SourceForge, once the go-to repository for open source projects large and small, on Wednesday quietly gave project websites using the service the ability to secure their projects through an SSL HTTPS connection.
It shouldn't take an Einstein to figure out why this would be useful. In this day and age, with black hats working overtime to compromise everything on the Internet, connecting to a project's crown jewels -- its code -- through an insecure HTTP connection makes absolutely no sense whatsoever, even though all uploads are securely protected. In addition, this is the direction the web is moving, with nearly all web sites expected to be serving HTTPS pages within the next couple of years.
According to the notice posted by SourceForge explaining the new feature, implementing it is easy: "With a single click, projects can opt-in to switch their web hosting from http://name.sourceforge.net to https://name.sourceforge.io Project admins can find this option in the Admin page, under 'HTTPS', naturally." After the changes, the old domain will automatically redirect to the new.
One click. No fuss. No muss. Nice.
If you're an administrator, you probably won't wonder why the decision was made to make the switch opt-in instead of just making it automatic for everybody, but we asked anyway.
"It’s opt in because our HTTPS instance of SourceForge is on the SourceForge.io domain," Logan told Dev Pro. "We didn’t want to forcibly move projects from SourceForge.net to .io without people’s consent or knowledge of the change. In addition, elements on websites don’t always automatically just work with https. Projects may have to make updates to their site so they don’t have mixed http/https content, etc."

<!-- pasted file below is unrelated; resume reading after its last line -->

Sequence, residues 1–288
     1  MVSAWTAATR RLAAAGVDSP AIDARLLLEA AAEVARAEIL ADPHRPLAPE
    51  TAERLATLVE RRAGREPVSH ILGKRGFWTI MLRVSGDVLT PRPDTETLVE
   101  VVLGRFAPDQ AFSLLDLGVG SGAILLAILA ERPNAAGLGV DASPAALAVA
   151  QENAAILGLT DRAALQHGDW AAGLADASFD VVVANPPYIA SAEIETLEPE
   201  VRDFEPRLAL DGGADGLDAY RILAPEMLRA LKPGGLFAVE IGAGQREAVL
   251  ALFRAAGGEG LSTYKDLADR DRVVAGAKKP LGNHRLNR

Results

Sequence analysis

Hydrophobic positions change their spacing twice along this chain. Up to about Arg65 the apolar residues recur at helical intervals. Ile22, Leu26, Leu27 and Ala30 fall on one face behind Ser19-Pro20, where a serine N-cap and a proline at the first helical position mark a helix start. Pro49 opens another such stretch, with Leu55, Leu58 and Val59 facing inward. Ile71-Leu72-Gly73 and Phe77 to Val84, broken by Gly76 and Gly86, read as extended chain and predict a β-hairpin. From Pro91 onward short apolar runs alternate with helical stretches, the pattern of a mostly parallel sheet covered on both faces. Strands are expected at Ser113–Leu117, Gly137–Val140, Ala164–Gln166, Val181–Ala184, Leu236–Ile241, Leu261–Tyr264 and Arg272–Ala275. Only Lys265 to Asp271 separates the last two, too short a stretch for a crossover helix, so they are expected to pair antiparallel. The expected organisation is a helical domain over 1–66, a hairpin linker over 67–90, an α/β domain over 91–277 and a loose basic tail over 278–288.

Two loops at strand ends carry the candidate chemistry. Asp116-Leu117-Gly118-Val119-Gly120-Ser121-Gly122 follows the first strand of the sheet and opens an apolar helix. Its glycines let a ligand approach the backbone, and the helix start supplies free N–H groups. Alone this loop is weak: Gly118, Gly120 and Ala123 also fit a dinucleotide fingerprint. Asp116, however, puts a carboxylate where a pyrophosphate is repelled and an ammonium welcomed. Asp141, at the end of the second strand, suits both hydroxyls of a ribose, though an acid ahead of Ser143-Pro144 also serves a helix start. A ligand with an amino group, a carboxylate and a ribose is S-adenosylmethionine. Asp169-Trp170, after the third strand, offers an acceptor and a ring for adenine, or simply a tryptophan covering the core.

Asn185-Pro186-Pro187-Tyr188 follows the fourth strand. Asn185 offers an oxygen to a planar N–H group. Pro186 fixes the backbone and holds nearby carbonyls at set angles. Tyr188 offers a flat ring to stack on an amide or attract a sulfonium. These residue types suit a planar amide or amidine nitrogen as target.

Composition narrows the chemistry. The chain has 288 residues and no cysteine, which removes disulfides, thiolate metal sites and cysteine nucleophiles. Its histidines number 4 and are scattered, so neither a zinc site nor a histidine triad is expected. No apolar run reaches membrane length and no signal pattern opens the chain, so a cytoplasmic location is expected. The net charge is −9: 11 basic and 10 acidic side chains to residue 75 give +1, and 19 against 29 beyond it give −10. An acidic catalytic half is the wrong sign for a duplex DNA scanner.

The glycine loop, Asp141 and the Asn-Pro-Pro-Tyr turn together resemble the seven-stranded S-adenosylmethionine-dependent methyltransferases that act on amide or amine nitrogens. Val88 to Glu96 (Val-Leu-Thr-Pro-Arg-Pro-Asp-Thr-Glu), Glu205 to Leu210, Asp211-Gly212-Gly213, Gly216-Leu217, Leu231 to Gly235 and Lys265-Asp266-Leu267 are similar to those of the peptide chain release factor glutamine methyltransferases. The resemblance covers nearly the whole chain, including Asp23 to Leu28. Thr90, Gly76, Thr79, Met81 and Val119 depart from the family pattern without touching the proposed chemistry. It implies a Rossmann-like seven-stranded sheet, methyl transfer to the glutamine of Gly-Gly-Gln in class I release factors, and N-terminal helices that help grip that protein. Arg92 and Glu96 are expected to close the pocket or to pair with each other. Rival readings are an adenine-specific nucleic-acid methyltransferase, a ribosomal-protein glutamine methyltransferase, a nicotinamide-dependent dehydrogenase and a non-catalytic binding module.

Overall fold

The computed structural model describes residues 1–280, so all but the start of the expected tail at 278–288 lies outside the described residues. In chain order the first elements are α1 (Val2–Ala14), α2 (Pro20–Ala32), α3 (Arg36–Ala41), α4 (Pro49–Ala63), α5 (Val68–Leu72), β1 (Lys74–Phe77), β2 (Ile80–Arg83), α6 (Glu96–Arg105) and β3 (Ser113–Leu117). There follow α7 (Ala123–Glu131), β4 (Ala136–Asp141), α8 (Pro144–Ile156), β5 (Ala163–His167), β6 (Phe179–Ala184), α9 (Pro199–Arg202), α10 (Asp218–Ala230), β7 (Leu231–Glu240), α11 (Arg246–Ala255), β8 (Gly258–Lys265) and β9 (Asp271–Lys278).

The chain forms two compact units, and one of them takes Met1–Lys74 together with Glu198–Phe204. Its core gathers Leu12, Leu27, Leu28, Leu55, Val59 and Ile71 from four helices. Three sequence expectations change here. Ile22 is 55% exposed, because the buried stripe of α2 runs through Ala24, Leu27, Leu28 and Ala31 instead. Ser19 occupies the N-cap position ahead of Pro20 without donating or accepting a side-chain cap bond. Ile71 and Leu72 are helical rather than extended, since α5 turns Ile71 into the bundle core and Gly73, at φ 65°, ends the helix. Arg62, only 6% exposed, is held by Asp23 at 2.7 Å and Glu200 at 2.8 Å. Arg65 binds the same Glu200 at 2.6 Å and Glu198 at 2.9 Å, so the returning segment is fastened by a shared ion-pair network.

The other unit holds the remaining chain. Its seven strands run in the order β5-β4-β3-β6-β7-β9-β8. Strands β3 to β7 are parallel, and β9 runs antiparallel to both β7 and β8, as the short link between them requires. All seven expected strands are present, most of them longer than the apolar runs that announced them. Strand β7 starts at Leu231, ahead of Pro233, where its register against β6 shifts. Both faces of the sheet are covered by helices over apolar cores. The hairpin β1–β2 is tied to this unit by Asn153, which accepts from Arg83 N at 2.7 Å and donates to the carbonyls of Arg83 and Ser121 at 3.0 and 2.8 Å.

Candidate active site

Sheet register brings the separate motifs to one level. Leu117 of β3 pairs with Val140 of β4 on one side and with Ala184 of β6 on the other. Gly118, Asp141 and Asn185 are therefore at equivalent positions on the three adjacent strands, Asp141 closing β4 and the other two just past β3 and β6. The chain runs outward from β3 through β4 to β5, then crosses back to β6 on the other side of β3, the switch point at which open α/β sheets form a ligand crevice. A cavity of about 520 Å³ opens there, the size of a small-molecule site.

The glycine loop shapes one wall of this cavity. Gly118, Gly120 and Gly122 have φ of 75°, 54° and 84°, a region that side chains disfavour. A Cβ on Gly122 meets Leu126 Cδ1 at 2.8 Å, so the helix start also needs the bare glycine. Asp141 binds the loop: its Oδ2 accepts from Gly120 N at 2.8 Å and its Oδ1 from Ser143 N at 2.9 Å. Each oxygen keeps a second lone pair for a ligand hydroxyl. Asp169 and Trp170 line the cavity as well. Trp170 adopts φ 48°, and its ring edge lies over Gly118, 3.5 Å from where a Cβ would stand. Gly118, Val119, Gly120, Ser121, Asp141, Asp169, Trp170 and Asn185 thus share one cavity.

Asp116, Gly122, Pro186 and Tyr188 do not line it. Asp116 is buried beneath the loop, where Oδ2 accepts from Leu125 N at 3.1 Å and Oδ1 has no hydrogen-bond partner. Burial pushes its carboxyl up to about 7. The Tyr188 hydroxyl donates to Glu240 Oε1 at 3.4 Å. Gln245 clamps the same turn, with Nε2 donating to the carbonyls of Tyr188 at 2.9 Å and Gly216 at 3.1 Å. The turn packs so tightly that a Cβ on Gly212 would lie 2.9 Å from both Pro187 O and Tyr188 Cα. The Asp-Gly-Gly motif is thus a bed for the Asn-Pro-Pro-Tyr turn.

In addition, he pointed out that the domain name extensions, .net and .io, "keeps the project website cookies separate from the main site."
Since purchasing SourceForge, along with the social media site Slashdot, in January, the new owners have been scrambling to return the site to relevancy. Under the management of previous owner Dice Holdings, the company had suffered from many controversial -- some would say unethical -- missteps which led to many large projects, most notably the photo editing application GIMP, to very publicly leave to find homes elsewhere.
Under Logan's leadership, SourceForge has not only done away with all programs that users found objectionable, it's added new features as well, like onsite malware scans and Internet speed tests. This seems to have quelled further abandonment of the site. There have been no recent reports of projects leaving the site in protest, and many large projects -- including some popular Linux distributions -- remain.
Although it's a given that the site will never again be the dominant open source repository it once was -- mainly because there's more competition now from the likes of GitHub -- it's good to see it taking steps to insure its survival.